10th CITT State of the Trade and Transportation Industry Town Hall Meeting Set for March 11Published: March 2, 2009
Is the San Pedro Bay Ports complex, the nation’s largest trade gateway, threatened by economic trends and competition from other North American ports? That question, and others, will be addressed at the 10th CITT State of the Trade and Transportation Town Hall Meeting on Wednesday, March 11, from 6-8:30 p.m. in the Carpenter Performing Arts Center at CSULB.
Titled “The Decade Ahead: Jobs, Cargo, Competition, and You,” the meeting is free and open to the public, but seating is limited. The event is hosted by the Center for International Trade and Transportation (CITT) at CSULB and the METRANS Transportation Center. Other sponsors include the ports of Los Angeles and Long Beach, the International Longshore and Warehouse Union, Union Pacific Railroads, BNSF, ACTA, Long Beach City College, and others.
The objectives of this year’s town hall are to understand the impacts of the global economic recession on the Southern California ports, and what drives decision makers along the supply chain when choosing which ports to use. The event will feature an introductory presentation by leading national economist Paul Bingham, Global Insight, titled “Perspectives on Global and National Changes in International Trade and Economic Recession.” A video presentation, produced by CSULB’s Advance Media Production, will demonstrate how those trends have impacted trade through Southern California’s ports. Genevieve Giuliano, a professor and senior associate dean of Research and Technology, School of Policy, Planning, and Development and director of the METRANS Transportation Center at the University of Southern California, will give a brief review of the past town hall meetings, recognizing the unique accomplishments of the various participants.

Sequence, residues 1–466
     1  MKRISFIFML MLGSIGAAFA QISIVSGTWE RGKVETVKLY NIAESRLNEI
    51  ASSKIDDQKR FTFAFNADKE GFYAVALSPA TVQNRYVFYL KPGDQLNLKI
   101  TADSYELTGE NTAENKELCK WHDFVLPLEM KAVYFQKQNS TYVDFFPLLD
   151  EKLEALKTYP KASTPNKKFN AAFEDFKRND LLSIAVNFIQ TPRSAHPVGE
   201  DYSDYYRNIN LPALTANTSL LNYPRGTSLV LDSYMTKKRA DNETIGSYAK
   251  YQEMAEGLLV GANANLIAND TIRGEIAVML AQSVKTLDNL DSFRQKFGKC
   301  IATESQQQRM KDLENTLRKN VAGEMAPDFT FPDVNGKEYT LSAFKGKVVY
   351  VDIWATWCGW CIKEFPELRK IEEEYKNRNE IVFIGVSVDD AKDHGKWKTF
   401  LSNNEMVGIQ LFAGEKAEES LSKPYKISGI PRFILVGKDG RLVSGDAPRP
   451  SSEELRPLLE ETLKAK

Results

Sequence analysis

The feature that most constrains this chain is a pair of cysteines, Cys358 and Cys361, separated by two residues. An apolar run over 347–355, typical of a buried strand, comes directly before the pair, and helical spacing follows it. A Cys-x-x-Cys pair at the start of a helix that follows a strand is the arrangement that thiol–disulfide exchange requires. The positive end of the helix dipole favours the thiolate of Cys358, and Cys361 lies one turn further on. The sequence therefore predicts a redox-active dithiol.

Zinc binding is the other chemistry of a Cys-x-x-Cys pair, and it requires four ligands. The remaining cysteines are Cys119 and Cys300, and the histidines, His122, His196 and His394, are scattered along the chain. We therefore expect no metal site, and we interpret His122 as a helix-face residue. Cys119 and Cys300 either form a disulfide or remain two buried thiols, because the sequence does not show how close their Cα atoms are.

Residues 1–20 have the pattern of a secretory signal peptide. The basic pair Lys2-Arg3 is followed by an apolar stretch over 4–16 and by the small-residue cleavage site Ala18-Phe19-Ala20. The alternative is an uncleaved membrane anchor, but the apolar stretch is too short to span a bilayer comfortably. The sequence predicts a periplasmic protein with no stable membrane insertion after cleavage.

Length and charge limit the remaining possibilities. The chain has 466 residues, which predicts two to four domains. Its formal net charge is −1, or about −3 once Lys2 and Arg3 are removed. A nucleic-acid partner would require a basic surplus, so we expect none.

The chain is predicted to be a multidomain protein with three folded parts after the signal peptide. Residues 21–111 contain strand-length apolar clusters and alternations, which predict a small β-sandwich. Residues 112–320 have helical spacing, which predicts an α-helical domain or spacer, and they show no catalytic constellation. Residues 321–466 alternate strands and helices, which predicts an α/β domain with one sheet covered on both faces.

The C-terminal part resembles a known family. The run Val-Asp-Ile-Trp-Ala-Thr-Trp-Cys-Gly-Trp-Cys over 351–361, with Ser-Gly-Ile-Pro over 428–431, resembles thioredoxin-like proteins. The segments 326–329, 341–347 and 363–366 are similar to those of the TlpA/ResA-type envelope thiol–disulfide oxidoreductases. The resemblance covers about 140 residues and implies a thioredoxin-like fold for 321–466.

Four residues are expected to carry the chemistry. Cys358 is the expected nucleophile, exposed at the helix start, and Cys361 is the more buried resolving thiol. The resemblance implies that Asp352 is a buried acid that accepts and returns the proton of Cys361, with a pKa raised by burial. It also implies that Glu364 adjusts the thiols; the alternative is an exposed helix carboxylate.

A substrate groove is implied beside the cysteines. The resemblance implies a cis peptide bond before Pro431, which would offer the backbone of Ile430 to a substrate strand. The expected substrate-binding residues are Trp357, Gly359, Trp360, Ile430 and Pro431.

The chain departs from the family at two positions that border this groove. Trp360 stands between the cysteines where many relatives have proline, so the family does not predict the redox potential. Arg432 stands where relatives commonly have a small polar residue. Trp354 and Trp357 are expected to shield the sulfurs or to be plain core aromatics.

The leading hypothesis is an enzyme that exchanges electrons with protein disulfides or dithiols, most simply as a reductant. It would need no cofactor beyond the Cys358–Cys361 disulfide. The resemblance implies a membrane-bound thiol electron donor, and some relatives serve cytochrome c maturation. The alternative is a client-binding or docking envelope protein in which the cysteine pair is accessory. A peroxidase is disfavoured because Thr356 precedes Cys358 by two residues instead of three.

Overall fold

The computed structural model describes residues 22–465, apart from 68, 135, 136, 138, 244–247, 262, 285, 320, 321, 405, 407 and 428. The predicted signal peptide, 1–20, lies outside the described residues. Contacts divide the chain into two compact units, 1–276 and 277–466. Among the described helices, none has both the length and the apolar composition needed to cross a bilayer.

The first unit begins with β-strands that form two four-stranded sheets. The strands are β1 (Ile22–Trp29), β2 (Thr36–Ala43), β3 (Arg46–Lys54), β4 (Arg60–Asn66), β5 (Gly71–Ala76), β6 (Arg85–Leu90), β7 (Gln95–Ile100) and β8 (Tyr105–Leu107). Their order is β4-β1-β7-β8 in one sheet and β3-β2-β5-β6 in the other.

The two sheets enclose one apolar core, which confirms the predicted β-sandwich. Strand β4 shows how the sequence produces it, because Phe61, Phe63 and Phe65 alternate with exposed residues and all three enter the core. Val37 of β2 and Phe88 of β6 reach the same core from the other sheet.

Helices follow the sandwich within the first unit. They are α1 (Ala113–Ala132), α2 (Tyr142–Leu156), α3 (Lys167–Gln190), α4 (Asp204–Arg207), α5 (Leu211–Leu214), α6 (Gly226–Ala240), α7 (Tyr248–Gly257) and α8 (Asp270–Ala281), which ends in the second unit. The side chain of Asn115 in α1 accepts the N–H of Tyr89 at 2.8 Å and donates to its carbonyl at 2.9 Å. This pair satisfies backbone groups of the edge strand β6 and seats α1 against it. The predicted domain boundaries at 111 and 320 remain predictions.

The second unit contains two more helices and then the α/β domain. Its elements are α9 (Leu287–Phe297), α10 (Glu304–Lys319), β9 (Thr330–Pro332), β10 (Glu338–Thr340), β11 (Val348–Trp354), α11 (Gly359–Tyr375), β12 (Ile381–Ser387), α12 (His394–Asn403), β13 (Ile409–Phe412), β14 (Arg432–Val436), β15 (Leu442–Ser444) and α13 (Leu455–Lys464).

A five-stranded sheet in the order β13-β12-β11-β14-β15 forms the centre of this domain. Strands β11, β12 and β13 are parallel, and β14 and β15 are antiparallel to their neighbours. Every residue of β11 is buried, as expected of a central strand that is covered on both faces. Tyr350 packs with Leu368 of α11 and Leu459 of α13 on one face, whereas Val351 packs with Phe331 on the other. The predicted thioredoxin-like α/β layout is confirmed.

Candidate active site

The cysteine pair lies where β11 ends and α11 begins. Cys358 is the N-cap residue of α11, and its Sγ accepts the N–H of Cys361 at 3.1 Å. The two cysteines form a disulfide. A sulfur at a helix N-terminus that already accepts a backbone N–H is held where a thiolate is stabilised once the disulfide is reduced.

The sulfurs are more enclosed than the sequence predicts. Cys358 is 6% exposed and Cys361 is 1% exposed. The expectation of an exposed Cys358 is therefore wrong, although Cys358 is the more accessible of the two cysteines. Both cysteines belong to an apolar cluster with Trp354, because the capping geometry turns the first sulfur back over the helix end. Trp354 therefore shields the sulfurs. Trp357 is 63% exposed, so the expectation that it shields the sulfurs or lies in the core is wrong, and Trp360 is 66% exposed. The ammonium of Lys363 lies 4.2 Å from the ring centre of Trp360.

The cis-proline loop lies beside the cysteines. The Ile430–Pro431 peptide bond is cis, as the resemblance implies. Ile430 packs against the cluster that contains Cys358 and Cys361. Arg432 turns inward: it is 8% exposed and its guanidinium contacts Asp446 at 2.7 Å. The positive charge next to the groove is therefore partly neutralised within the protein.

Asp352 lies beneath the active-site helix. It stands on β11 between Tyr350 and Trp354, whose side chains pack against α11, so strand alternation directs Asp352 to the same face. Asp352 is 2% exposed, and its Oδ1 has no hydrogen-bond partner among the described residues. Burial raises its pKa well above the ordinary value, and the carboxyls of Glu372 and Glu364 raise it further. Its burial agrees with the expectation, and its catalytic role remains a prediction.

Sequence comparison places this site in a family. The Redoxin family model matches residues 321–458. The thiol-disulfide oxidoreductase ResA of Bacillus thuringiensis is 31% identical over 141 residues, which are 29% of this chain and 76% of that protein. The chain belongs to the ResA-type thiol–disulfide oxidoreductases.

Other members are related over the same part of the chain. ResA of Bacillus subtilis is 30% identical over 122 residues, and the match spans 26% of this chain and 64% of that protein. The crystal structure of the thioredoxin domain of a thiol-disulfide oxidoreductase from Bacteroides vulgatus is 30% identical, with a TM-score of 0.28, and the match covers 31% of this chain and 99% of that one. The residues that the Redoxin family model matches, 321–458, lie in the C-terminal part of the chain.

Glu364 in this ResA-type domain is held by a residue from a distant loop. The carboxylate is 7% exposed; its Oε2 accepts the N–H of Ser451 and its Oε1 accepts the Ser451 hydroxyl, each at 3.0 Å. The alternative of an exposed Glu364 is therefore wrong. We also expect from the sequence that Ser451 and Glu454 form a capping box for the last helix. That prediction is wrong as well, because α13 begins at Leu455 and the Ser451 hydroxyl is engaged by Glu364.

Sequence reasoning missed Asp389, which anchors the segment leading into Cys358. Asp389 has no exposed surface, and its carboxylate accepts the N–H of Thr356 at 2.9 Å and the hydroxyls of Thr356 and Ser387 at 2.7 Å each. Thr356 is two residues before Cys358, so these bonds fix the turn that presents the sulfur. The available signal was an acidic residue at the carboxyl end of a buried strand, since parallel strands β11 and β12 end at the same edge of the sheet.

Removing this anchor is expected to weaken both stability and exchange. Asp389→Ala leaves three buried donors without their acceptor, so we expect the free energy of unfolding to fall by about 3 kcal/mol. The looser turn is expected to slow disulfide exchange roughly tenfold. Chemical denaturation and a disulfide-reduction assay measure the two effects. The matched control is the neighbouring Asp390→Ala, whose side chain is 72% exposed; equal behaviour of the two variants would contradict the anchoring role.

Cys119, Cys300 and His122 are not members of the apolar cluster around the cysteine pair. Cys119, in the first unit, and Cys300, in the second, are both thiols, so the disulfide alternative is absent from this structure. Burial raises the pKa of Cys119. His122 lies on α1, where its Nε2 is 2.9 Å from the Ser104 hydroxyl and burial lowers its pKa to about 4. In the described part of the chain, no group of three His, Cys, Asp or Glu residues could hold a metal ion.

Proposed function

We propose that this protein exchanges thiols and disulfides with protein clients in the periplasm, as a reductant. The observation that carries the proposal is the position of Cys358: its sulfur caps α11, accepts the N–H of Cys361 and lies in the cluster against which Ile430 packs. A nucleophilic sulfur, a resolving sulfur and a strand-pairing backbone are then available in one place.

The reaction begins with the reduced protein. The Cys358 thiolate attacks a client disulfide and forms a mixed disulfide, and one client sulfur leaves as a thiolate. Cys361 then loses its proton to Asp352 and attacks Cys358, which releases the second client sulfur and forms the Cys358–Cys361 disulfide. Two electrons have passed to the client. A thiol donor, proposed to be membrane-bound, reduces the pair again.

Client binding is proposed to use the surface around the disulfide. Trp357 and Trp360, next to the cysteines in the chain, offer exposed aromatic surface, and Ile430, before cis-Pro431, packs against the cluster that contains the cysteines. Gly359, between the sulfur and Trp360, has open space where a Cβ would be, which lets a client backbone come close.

The panel consists of key decision makers along the supply chain, such as Alan McCorkle, APM Terminals; Scott Moore, Union Pacific Railroad; David Arsenault, Hyundai Merchant Marine, and Patty Senecal of the International Warehouse Logistics Association. The moderator, Joseph Magaddino, chair of CSULB’s Department of Economics, will lead a Q&A session with the audience.
The town hall meeting is expected to draw more than 1,000 individuals based on attendance of the previous events and will offer the most up-to-date information possible on a rapidly changing topic, making this a unique opportunity for audience members to ask questions and gain valuable knowledge.
The event is for individuals involved with and affected by trade and transportation, including longshore labor, truckers, ocean carriers, marine terminal operators, freighter forwarders, custom brokers, intermodal marketing companies, distribution centers, shippers, government agencies, elected officials, as well as the general public.
With the 10th Town Hall, CITT and METRANS will bring to a close a decade-long educational series, at least in its present format.
“When we began in 1999, there were few forums where those, both inside and outside the goods movement industry could share common concerns and propose solutions,” says Marianne Venieris, executive director, CITT and deputy director, METRANS Transportation Center, “We take great pride in what has been accomplished by CITT, METRANS and our partners.”
For more information, call the CITT office at 562/985-2872 or visit the CITT Web site.